Lady-Wisdom: The Personification Of God’s Wisdom As A Woman -- By: Tina J. Ostrander

Journal: Priscilla Papers
Volume: PP 10:2 (Spring 1996)
Article: Lady-Wisdom: The Personification Of God’s Wisdom As A Woman
Author: Tina J. Ostrander

The Personification Of God’s Wisdom As A Woman

Tina J. Ostrander

T. J. Ostrander received, an ALA. in Theology from Gordon-Conwell Theological Seminary. Her thesis was entitled; “Sophia: Wisdom of God or Goddess of Wisdom?” She also wrote “Who Is Sophia?”, which was printed in the Spring 1994 issue of Priscilla Papers. Ms. Ostrandor is currently teaching part-time at Highline Community College, Des Moines, WA.

“Does not wisdom call out? Does not understanding raise her voice? On the heights along the way, where the paths meet, she takes her stand; beside the gates leading into the city} at the entrances, she cries aloud…” Proverbs 8:1-3

In the Old Testament book of Proverbs, God’s infinite wisdom is personified as a woman. The association of divine wisdom with the feminine is not accidental. Social relationships in Israel reflected spiritual relationships between Israel and Yahweh. As a result of this basic analogy between the earthly realm and the heavenly realm, one can look to the feminine images of Hebrew scriptures to better understand personified wisdom. The Law and the Prophets provided the writer(s) of Proverbs with many feminine images (including home-maker, counselor and wise woman, and lover) that influenced their use of female imagery for divine wisdom. By better understanding the images of women portrayed in the Old Testament, one can gain insight into the nature of God’s wisdom.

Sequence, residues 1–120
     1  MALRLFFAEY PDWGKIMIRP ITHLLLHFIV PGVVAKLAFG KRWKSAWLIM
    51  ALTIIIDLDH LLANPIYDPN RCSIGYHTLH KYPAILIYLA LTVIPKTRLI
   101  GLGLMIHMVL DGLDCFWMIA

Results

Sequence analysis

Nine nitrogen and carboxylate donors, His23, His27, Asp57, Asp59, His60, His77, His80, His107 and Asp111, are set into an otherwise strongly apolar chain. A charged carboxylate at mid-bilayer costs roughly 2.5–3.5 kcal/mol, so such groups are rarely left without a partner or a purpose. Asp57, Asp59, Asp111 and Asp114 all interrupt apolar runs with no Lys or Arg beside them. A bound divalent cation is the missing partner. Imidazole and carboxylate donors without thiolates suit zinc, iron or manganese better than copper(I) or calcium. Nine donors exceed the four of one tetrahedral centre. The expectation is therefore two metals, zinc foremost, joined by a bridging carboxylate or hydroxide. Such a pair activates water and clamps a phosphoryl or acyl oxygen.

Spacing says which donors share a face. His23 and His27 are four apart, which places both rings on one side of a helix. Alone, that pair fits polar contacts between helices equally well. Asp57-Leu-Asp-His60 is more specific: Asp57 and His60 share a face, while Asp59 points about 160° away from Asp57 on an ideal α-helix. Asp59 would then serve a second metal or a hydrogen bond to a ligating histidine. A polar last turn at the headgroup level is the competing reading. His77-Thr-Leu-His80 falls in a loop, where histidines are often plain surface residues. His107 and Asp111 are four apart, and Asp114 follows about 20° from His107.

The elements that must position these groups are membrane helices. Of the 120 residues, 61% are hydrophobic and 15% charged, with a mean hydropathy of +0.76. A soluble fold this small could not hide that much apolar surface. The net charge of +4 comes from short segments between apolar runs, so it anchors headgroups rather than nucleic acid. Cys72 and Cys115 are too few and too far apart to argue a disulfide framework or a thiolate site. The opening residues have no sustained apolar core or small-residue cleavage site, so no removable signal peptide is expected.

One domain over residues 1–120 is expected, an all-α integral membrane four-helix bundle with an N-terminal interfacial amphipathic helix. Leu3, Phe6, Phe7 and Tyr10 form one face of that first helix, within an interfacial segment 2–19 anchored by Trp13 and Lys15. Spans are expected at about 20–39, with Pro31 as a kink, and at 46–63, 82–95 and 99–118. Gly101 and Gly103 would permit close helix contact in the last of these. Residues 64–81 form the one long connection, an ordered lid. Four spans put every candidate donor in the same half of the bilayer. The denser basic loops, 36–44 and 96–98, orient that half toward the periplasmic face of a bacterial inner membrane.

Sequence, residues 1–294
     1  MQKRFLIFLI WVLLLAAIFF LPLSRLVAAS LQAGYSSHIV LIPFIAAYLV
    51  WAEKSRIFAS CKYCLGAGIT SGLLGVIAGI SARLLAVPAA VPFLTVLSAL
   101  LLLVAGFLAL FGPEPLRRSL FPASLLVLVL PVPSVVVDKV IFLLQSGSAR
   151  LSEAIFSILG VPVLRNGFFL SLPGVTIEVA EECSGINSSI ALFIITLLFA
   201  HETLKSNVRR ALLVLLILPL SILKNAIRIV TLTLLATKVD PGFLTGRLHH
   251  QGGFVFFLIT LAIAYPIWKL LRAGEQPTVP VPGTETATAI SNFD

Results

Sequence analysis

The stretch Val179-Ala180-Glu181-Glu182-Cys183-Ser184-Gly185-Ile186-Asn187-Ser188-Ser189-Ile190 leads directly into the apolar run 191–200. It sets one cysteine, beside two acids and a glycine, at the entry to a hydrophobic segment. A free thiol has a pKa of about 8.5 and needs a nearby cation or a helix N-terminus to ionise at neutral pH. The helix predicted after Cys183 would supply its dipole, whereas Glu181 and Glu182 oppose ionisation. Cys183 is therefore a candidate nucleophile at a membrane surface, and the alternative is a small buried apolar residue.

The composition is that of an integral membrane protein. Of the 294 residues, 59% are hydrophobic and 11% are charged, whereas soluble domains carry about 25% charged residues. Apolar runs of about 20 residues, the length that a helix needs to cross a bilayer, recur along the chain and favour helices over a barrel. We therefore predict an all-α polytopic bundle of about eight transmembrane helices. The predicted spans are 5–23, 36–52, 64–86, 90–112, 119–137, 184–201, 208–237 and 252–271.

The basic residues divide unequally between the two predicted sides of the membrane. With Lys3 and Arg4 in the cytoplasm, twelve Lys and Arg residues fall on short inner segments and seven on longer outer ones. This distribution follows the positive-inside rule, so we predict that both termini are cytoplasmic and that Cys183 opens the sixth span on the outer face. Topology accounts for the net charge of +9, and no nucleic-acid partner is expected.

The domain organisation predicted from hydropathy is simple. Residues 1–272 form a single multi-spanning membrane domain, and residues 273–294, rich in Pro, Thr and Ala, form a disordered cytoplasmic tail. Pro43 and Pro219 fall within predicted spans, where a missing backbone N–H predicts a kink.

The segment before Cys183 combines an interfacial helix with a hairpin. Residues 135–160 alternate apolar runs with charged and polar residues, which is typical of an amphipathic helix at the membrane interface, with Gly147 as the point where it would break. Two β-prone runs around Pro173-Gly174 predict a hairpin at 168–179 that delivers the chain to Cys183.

Proverbs was written to teach young male students how to function in society and find meaning and order in the world. The proverbs are truths, inspired by and rooted in the Hebrew faith, that provide practical guidance for right living. In light of the fact that these proverbs were written for a male audience, it is ironic that, as a whole, Proverbs is united by recurrent female imagery and the personification of God’s wisdom as a woman.1 Chapters 1-9 and 31, which form the introduction and conclusion to the book of Proverbs, are especially pregnant with feminine imagery.

Personification is a literary device which is used to personalize an impersonal concept.2 A personification is capable of expressing a whole spectrum of meanings. The woman in Proverbs personifies God’s creative counsel and purpose, as well as God’s presence and active involvement in the world. She personifies the gift of wisdom given to humanity by God for guidance, enabling us to obey God’s commands and respond to God’s calling. She also personifies the order and meaning which God...

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